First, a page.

Nicolai: Thank you so much. It’s taken a lot of practice of course ever since Ken and I started making music together. The first two of our EPs were important in exploring how to combine metal and shoegaze, but a lot of it also comes naturally with seeing what kinds of trajectories the music can take, e.g. whether or not it can go to a serene or atmospheric place or whether it should explode into aggression.

It does both things very well and at moment's notice, which is really why the record keeps you on your toes. Jumping into the visuals, you entrusted Jon Gotlev for cover art duties once more. Looking back at the initial collaboration for ‘Jord’, what drew you to Gotlev’s work? He’s done some neat things for Hiraki.

Nicolai: He truly is an amazing visual artist. Both with his graphics but also with his music videos. It’s mainly that what he does is abstract and that there is some sort of tactility to it. This is what drew us to his art initially. Also, we definitely didn’t want some classic metal artwork for our album.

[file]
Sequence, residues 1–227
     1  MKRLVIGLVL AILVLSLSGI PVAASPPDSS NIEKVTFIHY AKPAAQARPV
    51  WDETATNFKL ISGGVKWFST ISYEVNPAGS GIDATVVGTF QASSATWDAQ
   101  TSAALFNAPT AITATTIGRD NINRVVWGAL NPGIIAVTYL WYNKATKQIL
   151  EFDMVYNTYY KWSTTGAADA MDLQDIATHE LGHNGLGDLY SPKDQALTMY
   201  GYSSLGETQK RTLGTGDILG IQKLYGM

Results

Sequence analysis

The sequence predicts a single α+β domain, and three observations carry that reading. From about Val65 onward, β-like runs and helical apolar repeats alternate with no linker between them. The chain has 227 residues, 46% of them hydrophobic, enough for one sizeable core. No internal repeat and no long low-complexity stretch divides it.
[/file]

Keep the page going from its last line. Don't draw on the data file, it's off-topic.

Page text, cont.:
Cover Artwork by Jon Gotlev

It's very unique and quite distinct to what many are doing in the genre. For ‘Diorama’, Gotlev takes the abstract route and depicts a scene of contrasting complexities. It’s simple, yet riddled with depth, a good fit for the themes you’ve embodied within. When approaching him for the project, what did you look to envision this time around?

Nicolai: Whenever we approach Jon to make artwork for us, we give him the music and the lyrics with maybe like a description of the themes. We’re very open to what he comes up with so we never say what exactly we want (maybe because we don’t know). Luckily, he has an ability to come up with some amazing stuff that really fit our music.